StemCells, Inc., a Newark, California-based company has announced preclinical data that demonstrates that its proprietary human neural stem cell line restored memory and enhanced synaptic function in two animal models that are relevant to Alzheimer’s disease (AD). They presented these data at the Alzheimer’s Association International Conference 2012 in Vancouver, Canada.
In this study, neuroscientists from University of California, Irvine transplanted a neural stem cell line called HuCNS-SC, a proprietary stem cell line made by StemCells and is a purified human neural stem cell line, into a specific region of the brain, the hippocampus in laboratory animals. These injections improved the memories of two different types of laboratory animal that act as AD-significant models. The hippocampus is a portion of the brain that is critically important to the control of memory, and unfortunately, it is severely affected by AD. Specifically, hippocampal synaptic density is reduced in AD and these reductions in synaptic connections are highly correlated with memory loss. After injections of HuCNS-SCs, the animals showed increased synaptic density and improved memory after the cells had been transplanted. Importantly, these results did not require reduction in beta amyloid or tau that accumulate in the brains of patients with AD and account for the pathological hallmarks of the disease.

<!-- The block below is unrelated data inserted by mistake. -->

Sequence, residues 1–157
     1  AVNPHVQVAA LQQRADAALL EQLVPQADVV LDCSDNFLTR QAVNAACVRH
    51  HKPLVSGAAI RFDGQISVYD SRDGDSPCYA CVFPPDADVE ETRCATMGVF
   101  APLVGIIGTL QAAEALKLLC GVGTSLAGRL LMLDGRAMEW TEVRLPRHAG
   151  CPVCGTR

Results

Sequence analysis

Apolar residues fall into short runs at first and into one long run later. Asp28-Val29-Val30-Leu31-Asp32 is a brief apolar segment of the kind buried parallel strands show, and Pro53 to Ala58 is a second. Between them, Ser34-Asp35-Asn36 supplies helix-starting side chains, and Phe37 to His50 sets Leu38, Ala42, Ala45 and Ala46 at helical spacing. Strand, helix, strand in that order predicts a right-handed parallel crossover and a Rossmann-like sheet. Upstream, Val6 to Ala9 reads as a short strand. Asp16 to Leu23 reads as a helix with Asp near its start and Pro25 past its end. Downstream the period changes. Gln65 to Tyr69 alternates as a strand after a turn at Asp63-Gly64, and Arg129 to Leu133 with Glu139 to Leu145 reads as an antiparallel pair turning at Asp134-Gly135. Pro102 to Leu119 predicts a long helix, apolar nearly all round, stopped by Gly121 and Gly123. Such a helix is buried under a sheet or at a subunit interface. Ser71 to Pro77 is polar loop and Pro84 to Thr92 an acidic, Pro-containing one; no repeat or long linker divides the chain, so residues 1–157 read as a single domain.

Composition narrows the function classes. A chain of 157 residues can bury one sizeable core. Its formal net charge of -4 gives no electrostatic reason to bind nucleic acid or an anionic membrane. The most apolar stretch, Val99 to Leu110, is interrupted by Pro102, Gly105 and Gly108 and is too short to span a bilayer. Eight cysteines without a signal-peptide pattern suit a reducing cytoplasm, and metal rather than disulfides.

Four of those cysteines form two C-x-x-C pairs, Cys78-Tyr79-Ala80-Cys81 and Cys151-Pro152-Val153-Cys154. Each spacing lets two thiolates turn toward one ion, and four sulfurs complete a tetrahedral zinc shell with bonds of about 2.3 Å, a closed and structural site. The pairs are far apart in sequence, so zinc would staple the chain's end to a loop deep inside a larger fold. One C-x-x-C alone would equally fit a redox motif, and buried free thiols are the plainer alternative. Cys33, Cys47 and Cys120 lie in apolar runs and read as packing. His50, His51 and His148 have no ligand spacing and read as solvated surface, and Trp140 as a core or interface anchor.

This research study resulted from collaboration between Frank LaFerla, Ph.D., who is the Director of the University of California, Irvine (UCI) Institute for Memory Impairments and Neurological Disorders (UCI MIND), and Chancellor’s Professor, Neurobiology and Behavior in the School of Biological Sciences at UCI, and Matthew Blurton-Jones, Ph.D., Assistant Professor, Neurobiology and Behavior at UCI.
“This is the first time human neural stem cells have been shown to have a significant effect on memory,” said Dr. LaFerla. “While AD is a diffuse disorder, the data suggest that transplanting these cells into the hippocampus might well benefit patients with Alzheimer’s. We believe the outcomes in these two animal models provide strong rationale to study this approach in the clinic and we wish to thank the California Institute of Regenerative Medicine for the support it has given this promising research.”
Stephen Huhn, M.D., FACS, FAAP, Vice President and Head of the CNS Program at StemCells Inc, added, “While reducing beta amyloid and tau burden is a major focus in AD research, our data is intriguing because we obtained improved memory without a reduction in either of these pathologies. AD is a complex and challenging disorder. The field would benefit from the pursuit of a diverse range of treatment approaches and our neural stem cells now appear to offer a unique and viable contribution in the battle against this devastating disease.”